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The Daily Wildcat

The Daily Wildcat

 

Fowler shows hitting promise

Freshman pitcher Kenzie Fowler has debuted another weapon of late — and it’s not a new pitch to her selection.

Head coach Mike Candrea has thrown Fowler’s bat into the mix recently, shaking up Arizona’s batting order.

She’s been dominating in the circle with a 21-2 record and 192 strikeouts to begin her freshman campaign, but adding her bat has given Candrea another option to his already-deep lineup. 

The numbers she is putting up already have her being mentioned among Wildcat greats like Taryne Mowatt, Alicia Hollowell and the face of Arizona softball — Jennie Finch.

The comparisons to Finch have been there since before Fowler even stepped into Hillenbrand Stadium. With her ability to switch between a pitcher’s mindset and a hitter’s perspective, Fowler had many doing double-takes when they looked at the stat sheet.

In high school, Fowler’s performances were good enough to make her a dual threat. At Canyon Del Oro High School, Fowler claimed the record for career hits, home runs in a game and RBIs in a single season.

As a Wildcat, Fowler has given Arizona a true ace in all senses of the word. She’s also brought the most consistent pitching presence in the batters’ box since Finch left in 2002.

“”You just have to switch your focus,”” Fowler said. “”Once I’m in the dugout I’m a hitter, and once I’m done I’m a pitcher. You have to stay real focused but I love it.””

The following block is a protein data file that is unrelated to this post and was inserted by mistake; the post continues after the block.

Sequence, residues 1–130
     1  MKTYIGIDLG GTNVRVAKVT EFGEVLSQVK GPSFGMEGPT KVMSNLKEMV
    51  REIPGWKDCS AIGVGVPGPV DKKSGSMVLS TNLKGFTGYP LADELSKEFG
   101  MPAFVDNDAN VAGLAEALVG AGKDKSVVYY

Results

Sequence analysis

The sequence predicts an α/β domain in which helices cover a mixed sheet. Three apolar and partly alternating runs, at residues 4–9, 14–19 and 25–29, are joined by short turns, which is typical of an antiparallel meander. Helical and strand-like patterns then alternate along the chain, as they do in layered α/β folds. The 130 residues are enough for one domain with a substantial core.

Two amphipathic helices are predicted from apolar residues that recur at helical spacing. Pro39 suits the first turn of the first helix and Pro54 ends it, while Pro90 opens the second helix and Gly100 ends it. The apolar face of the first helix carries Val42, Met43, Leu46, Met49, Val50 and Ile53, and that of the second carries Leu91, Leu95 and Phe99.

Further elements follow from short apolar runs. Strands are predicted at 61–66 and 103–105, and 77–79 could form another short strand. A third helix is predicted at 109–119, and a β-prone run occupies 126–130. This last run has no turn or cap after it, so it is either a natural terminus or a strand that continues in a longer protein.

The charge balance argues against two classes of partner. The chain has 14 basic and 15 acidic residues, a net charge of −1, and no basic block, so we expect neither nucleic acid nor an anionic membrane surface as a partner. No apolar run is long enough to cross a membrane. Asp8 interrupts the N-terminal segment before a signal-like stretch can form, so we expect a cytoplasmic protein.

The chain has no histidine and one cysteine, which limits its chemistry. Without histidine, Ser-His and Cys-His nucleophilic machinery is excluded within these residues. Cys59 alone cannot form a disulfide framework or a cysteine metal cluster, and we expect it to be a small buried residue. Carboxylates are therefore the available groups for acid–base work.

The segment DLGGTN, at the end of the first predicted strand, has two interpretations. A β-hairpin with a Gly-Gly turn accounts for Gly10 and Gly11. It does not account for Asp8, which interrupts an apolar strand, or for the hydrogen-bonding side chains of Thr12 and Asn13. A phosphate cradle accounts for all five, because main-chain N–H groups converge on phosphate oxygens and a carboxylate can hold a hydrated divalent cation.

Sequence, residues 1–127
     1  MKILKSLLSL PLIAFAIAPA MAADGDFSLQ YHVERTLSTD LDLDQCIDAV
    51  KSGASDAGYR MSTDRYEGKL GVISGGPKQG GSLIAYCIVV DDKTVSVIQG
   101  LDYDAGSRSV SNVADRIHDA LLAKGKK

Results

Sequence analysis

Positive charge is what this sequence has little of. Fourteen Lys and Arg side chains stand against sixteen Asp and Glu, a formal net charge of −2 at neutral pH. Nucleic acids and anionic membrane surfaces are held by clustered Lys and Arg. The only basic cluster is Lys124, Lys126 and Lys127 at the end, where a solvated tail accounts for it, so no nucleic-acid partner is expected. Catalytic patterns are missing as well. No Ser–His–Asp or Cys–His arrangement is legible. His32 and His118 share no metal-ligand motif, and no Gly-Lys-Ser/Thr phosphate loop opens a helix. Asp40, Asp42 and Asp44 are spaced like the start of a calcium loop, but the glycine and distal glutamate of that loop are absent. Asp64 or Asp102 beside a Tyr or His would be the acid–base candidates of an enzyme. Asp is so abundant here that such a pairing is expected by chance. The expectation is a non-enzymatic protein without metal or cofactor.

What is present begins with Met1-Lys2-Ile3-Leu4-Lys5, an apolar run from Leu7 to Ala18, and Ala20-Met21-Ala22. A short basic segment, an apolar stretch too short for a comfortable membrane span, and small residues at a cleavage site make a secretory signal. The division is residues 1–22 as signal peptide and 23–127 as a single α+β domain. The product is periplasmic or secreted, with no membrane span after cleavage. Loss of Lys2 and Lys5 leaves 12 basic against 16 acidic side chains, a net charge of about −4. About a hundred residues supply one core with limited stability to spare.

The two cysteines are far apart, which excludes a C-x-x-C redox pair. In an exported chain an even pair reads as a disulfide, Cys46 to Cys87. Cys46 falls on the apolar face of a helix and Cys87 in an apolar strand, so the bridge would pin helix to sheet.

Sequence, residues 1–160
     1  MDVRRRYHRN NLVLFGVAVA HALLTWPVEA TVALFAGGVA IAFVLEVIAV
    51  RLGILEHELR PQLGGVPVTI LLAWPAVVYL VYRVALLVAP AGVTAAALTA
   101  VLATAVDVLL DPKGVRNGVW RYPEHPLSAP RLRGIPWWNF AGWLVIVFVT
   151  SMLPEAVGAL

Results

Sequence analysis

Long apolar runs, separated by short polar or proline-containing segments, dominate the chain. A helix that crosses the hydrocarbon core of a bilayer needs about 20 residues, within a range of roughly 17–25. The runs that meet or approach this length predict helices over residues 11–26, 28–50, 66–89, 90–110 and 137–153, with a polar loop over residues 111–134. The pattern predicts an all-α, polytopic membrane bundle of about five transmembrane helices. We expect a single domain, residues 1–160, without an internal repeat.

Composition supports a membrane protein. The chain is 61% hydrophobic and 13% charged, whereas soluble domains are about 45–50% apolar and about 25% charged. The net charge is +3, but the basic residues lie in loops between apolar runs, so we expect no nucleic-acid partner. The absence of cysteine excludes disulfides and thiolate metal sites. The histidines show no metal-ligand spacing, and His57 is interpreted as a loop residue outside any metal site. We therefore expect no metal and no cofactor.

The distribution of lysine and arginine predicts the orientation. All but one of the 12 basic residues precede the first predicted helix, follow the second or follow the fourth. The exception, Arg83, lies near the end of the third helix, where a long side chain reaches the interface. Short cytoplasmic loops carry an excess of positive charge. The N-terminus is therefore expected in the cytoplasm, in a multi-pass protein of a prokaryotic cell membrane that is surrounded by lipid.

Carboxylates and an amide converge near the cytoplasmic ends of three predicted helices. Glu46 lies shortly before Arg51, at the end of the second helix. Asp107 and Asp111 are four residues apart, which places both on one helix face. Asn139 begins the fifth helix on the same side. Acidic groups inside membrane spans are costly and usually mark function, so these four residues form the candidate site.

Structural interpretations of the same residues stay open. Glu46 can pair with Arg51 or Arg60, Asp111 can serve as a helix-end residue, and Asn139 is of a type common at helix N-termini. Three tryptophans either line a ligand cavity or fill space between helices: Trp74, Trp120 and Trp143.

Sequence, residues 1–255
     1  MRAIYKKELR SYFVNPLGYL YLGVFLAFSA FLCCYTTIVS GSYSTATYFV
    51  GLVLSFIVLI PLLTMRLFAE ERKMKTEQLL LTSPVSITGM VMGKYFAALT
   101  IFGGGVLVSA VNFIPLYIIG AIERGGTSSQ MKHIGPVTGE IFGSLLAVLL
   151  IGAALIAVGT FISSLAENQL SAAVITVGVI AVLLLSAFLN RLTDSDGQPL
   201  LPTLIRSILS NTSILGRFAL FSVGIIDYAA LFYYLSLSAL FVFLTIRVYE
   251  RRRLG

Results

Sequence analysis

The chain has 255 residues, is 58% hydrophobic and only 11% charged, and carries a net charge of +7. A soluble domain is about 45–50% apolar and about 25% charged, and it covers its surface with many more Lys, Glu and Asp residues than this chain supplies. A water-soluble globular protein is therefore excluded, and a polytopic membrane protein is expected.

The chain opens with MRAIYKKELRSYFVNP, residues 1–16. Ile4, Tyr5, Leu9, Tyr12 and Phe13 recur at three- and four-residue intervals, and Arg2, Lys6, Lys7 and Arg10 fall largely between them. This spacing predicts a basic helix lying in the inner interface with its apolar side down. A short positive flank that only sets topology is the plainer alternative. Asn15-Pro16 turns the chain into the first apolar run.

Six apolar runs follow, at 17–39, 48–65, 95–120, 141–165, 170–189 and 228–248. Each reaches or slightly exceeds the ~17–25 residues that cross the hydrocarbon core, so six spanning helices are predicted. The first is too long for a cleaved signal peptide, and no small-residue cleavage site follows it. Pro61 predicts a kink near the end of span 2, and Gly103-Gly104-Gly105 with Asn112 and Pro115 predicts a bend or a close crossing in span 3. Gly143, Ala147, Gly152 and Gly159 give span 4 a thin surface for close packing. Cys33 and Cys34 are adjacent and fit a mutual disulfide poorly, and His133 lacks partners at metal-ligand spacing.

She’s hit in five of the last seven Arizona games and has proven that she can contribute from the plate. A grand slam in Game 3 of the Wildcats’ series at ASU gave Fowler her second home run in as many series.

“”I think inserting Kenzie into the lineup today was a nice little boost,”” Candrea said after Game 3 of the series at ASU. “”You have to be careful. There’s been staffs that I’ve had that I was three deep with pitchers so you can put a Finch out there every day and not worry about it.””

In the nine games she’s hit in this season, Fowler has a .381 batting average. She has eight hits, six RBIs and a .714 slugging percentage.

Not bad for a batter that is just starting to see some time at the plate.

While her ability to contribute on the offensive side of the ball is impressive, Candrea has expressed concern that Fowler’s vulnerability might be taken advantage of.

“”But when you’re relying on one kid you’ve got to pick and choose it because the last thing you want is for her to get hurt running the bases or for someone possibly taking a shot at her,”” Candrea said.

While his concerns are only for the benefit of Arizona’s situation in the circle, Fowler’s offensive numbers are becoming something that can’t be ignored. Candrea has said that he won’t use Fowler as an everyday hitter, but Fowler has the potential to be like Washington’s Danielle Lawrie and UTEP’s Stacie Townsend, both of whom play offense and defense.

The boost that Fowler brings on the defensive side of the ball could transition to the other side of the plate and give Candrea an option to fill the few remaining holes in the bottom half of Arizona’s lineup.

For now, however, Candrea said he will continue to use Fowler’s bat as an always-available wildcard.

“”I will kind of pick and choose when I use her,”” Candrea said. “”The nice thing … was that they had not seen her. It’s kind of the unknown.””

— Nicole Dimtsios is a journalism sophomore. She can be reached at sports@wildcat.arizona.edu.

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